The second question you need to be able to answer is how do you want to be known as a leader? This question maps pretty well to Harvard's MBA essay question. It's a subtly different cut at it, but it's the same basic idea. It's like, how do you want to be known? What is your mark? Who are you? Put a stake in the ground and tell me who you are as a leader. As part of this answer, you might include how you want to make the world a better place. That's part of you making a mark as a leader. There might be a particular arena of life that you're passionate about, where you'd like to see a change happen. There might be a particular way of doing things that you'd like to enact in order to be the change you want to see in the world. There might even just be a way that you're going to go about your career that is going to make a difference regardless of the industry or function that you hold. For example, you might just be passionate about leading great teams and building culture within your organization, no matter what organization that is. That's a really meaningful way to be known as a leader and to make a mark. The answer to the question almost doesn't matter. The important thing is that you answer it for yourself, and no two people are going to have the same exact answer to this question. Think about it really carefully and make sure that that aspect of who you are is expressed clearly throughout each application you submit.

3. What Do You Need To Gain From Business School?

Question number three is, what do you need to gain from business school? What do you hope to get out of the MBA? It's really simple. What are the skills, what are the experiences, what are the relationships that you want to build through this program to help you become that leader that you want to be? What's the value that the MBA has to offer you? And don't forget, that will also include you making contributions to the MBA while you're there. A lot of times the greatest value that we gain is through contributing ourselves. So don't neglect that side, but really think about what do you need? What do you need from business school and what do you hope to gain from your program, whichever program you attend? That's question number three.

4. What Are The Top 10 Things You Have Achieved So Far?

Question number four is a really big one, but it's actually less important than the other three. And that is what are the top 10 things that you've achieved throughout your life and work so far? You're going to have to talk about your accomplishments in your resume first and foremost, likely in one or more of your essays, and definitely in the interview. You're going to need to be able to discuss your accomplishments and you need to have an opinion about which of your achievements are the most important, the most meaningful to you, the most revealing of who you are as a person vis-à-vis the first two questions I laid out. You're going to need to be able to talk about them in a fair bit of detail as well. So take the time now to decide, of all the things I've accomplished in my life, what are the things that I think are the most important? And then think through some of the details. That's going to form the substance of your essays and many of your interview answer questions. For deeper guidance on how to think about that question in particular, check out my book Interview Hero, which has a lot of advice about storytelling, about story exploration, and about prioritization when it comes to thinking about your achievements.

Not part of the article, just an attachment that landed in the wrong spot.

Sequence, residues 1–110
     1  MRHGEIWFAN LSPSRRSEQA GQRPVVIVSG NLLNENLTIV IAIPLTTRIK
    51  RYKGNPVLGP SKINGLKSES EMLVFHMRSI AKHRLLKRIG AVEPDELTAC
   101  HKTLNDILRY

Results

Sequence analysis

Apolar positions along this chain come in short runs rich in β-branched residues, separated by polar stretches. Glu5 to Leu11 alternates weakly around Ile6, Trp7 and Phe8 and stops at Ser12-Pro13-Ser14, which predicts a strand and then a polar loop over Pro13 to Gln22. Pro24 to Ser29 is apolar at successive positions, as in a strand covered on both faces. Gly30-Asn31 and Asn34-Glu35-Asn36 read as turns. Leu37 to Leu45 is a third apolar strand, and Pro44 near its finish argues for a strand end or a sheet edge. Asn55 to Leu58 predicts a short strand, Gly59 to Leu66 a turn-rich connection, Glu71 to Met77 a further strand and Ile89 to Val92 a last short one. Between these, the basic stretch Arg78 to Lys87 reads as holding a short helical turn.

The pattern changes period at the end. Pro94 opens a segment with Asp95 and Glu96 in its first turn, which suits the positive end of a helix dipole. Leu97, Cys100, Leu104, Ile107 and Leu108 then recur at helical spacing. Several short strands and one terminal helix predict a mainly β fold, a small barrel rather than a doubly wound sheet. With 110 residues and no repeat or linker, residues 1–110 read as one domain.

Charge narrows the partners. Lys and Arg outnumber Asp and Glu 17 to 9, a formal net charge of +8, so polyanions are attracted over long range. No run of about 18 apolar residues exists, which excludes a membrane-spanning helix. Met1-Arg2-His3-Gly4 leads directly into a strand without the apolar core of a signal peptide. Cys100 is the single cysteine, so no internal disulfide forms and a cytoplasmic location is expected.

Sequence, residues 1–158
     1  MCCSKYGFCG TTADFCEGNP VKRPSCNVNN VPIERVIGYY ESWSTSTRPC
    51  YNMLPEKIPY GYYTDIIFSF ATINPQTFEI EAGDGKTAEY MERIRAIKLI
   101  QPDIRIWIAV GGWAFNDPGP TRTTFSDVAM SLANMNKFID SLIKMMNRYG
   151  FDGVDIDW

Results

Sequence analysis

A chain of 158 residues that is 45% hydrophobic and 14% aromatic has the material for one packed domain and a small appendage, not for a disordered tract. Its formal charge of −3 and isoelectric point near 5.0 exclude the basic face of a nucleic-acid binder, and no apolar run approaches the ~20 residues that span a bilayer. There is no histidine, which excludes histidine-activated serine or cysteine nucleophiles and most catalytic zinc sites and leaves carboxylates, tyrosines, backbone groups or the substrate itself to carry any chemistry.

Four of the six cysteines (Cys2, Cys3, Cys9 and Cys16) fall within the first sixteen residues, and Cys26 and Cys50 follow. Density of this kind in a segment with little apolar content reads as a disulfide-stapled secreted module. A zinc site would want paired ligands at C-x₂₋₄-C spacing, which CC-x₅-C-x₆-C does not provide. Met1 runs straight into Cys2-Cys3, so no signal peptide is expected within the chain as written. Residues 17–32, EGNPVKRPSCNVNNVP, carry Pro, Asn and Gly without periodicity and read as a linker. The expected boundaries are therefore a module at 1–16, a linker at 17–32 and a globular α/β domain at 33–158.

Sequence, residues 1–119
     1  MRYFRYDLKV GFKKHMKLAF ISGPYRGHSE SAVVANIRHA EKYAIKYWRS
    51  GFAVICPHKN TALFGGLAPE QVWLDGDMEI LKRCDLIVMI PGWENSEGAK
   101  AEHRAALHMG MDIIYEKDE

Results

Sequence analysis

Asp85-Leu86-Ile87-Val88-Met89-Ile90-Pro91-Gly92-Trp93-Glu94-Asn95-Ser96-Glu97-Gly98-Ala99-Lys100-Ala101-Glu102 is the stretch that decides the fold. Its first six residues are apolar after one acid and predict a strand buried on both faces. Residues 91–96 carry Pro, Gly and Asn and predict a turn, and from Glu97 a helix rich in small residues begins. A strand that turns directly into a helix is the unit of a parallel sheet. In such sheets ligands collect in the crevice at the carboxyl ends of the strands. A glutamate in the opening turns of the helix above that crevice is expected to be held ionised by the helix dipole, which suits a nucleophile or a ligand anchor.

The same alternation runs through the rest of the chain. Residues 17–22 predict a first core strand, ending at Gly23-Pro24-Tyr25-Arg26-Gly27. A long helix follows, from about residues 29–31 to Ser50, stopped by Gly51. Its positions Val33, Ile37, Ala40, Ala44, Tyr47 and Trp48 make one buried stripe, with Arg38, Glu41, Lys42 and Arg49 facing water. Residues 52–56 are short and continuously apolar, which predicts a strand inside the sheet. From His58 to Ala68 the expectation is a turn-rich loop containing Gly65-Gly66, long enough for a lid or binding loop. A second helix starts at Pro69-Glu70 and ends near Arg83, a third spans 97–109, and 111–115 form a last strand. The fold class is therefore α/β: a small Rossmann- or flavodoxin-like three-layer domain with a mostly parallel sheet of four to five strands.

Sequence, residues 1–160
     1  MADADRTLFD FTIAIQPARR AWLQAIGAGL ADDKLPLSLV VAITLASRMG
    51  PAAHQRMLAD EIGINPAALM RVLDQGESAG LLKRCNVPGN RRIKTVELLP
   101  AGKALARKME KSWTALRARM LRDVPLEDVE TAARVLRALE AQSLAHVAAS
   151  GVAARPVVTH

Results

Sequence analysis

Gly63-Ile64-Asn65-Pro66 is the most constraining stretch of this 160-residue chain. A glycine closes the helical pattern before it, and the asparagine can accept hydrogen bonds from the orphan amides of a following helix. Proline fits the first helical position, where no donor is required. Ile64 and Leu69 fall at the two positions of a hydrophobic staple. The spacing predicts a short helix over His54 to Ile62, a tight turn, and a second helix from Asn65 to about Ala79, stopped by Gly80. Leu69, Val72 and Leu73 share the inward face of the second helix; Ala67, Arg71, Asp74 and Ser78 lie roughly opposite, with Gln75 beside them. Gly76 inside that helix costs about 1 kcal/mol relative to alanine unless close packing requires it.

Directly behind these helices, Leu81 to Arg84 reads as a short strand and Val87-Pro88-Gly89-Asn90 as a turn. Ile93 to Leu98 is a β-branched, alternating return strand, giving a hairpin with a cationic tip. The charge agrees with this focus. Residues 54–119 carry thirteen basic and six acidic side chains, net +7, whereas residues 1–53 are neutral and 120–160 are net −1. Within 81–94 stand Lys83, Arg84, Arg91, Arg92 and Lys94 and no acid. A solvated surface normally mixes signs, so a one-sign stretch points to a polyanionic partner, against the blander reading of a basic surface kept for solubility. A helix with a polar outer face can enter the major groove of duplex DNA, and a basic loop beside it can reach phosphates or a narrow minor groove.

5. What Are (At Least) 2 Major Failures That You’ve Learned From?

And finally, the fifth question you need to answer before you apply to business school is what are at least two major failures that you've learned from? And when you think about failures, when you think about major failures, it doesn't have to be something that ended your career or got you fired or resulted in a negative performance review. When I say major, I don't mean necessarily a failure that had major external consequences. Now, you may have had failures that had major external consequences, and if that's the case, those are definitely good ones to look at. But a lot of the people that we work with don't have any major failures that would stick out on a transcript or resume. The failures that are sometimes the most important are ones that maybe no one other than you even know about. Sometimes the most important failures happen when we fail to live up to our own values. So this question is actually closely tied to question number one. As you're thinking about the values and the governing principles of your life, the most significant failures are the times when you didn't live up to those values. Maybe you tried to live up to them and failed or maybe you made the wrong choice. Maybe you chose path A and you immediately learned that path A violated a value that was really important to you. Those are the moments when we really discover what we're made of. We shape our own resiliency and we further refine our commitment to who we are and who we want to be vis-à-vis our values. So being able to talk about significant failures, whether you do it in the essays or whether it just comes up in the interviews, it's really important that you be able to do this with confidence and in a way that strengthens the picture of your character rather than weakening it. So be sure to think about failures as well as you're seeking to get ready to apply to business school.

So that's it! Those are the big five questions. If you decide to work with us on our discovery process, you're going to answer a whole lot more questions than that. But if you're going through this process on your own and you really want to get down to the core of your character and figure out who you are in the process of applying to business school, those five questions will give you a really good start. Hope you enjoy learning more about who you are and advancing your self-awareness while you apply to business school. I'm rooting for you! I'll see you next week

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Angela Guido

Angela Guido

Student of Human Nature| Founder and
Chief Education Officer of Career Protocol